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Small and medium sized enterprises are important for the economy because they are the major agents of economic growth and employment (about 99 percent of the European companies are small or medium sized and they provide 66 percent of the working places, European Council for Small Business newsletter, 1997). They add jobs faster than bigger companies in the developed and underdeveloped world. Small-scale ﬁrms are highly adaptable and able to act quickly and innovatively.
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Psychological approaches to entrepreneurship have experienced a revitalization recently because of the future importance of small-scale entrepreneurs and because the entrepreneur is at the boundary line of individual work psychology (personality, work activities, etc.), organizational psychology (founders of the organization have an enormous inﬂuence on it), and market psychology (economic activities in the market). Many organizational issues, for example, the inﬂuence of human resource practice, can also be studied in entrepreneurs. Essentially, all aspects of psychology are implicated when studying entrepreneurs (Rauch and Frese 2000).
Relevant literature in this area is distributed in many outlets and can be found in such diverse journals as the Journal of Applied Psychology, Academy of Management Journal and Review, Administrative Science Quarterly, Journal of Small Business Management, Journal of Business Venturing, Entrepreneurship Theory and Practice, Journal of Management, Small Business Economics, World Development, Strategic Management Journal, Organization Studies, and there are many articles in conference procedures such as Frontiers of Entrepreneurship Research, and International Council of Small Business Conference Proceedings.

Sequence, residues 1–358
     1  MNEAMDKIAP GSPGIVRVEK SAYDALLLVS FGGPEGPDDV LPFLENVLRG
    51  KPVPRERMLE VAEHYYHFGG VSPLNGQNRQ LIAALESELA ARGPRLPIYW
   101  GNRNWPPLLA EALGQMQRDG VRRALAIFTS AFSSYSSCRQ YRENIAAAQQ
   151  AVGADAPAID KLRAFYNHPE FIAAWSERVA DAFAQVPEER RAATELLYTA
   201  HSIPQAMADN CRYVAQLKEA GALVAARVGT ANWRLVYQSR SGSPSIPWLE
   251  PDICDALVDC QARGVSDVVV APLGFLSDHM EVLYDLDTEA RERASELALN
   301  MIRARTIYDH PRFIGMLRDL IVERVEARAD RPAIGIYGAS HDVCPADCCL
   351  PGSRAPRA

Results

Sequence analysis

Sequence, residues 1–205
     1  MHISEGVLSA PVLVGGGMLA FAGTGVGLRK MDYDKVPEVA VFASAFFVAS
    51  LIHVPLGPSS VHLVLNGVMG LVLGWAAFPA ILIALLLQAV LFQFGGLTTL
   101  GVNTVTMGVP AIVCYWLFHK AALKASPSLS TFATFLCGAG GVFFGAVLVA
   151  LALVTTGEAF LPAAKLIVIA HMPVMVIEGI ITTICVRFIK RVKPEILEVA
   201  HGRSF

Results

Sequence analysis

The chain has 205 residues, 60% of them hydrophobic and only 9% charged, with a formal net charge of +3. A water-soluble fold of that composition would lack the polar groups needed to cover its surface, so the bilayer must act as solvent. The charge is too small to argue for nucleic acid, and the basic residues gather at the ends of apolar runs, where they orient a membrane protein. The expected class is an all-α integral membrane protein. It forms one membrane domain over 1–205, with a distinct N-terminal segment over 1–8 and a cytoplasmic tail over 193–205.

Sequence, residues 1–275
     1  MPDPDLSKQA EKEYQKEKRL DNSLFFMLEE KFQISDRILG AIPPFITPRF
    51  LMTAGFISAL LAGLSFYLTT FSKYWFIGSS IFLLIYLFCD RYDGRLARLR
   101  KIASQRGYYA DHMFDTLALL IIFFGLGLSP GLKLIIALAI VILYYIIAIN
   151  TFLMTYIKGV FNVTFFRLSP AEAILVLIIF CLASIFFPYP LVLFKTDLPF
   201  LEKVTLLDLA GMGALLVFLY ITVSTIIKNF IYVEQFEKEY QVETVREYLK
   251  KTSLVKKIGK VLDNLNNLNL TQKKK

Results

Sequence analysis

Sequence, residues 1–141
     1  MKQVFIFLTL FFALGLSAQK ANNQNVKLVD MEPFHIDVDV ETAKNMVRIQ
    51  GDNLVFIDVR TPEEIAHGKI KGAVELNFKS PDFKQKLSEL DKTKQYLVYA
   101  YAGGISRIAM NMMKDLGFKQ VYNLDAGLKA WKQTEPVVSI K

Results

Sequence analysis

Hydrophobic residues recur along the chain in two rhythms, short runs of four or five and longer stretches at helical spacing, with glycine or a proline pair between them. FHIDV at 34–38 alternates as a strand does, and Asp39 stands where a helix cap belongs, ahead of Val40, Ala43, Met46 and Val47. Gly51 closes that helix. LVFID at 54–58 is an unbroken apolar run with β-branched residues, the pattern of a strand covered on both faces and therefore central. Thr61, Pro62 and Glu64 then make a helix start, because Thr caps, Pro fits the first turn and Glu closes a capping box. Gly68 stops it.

1. A General Psychological Model Of Entrepreneurial Success
Figure 1 presents a general psychological model of entrepreneurial success. It helps us to organize this contribution, and also has some controversial implications. For example, it does not hypothesize any direct links from personality, human capital, or environment to success because we assume that there is no success without actions. Actions are mainly determined by goals and strategies. Therefore, according to this model, psychological strategies of actions are the bottleneck through which all of entrepreneurial success is accomplished or not accomplished. The model can also be used to understand the diﬀerent levels of analysis: one can diﬀerentiate the organizational level and the individual level of the ﬁrm owner with regard to each issue in Fig. 1. The level of analysis issue has a slightly diﬀerent meaning in the area of entrepreneurship because company size determines which level is the adequate one. In large companies, the right level of analysis is the organizational level, in small ﬁrms, the ﬁrm owner is typically the source of action of this ﬁrm. When there are only four or ﬁve employees in a ﬁrm, the owner usually has a much stronger impact on company policy, company culture, and the company’s actions than in larger ﬁrms and an individual level of analysis can be used proﬁtably for these ﬁrms.
2. Deﬁnition Issues: Entrepreneurs, Business Owners, And Other Concepts
There is no agreed-upon deﬁnition of entrepreneurship. Moreover, founders and owner managers are a highly heterogeneous group that deﬁes a common deﬁnition. Probably the best strategy is to use a behavioral deﬁnition because it does not make any further assumptions of success, growth, or failure (e.g., Hisrich 1990): entrepreneurship is the study of founders/managers of organizations. However, one should also be open to the fact that there is a growing interest in entrepreneurship within large organizations.
3. Characteristics Of The Entrepreneur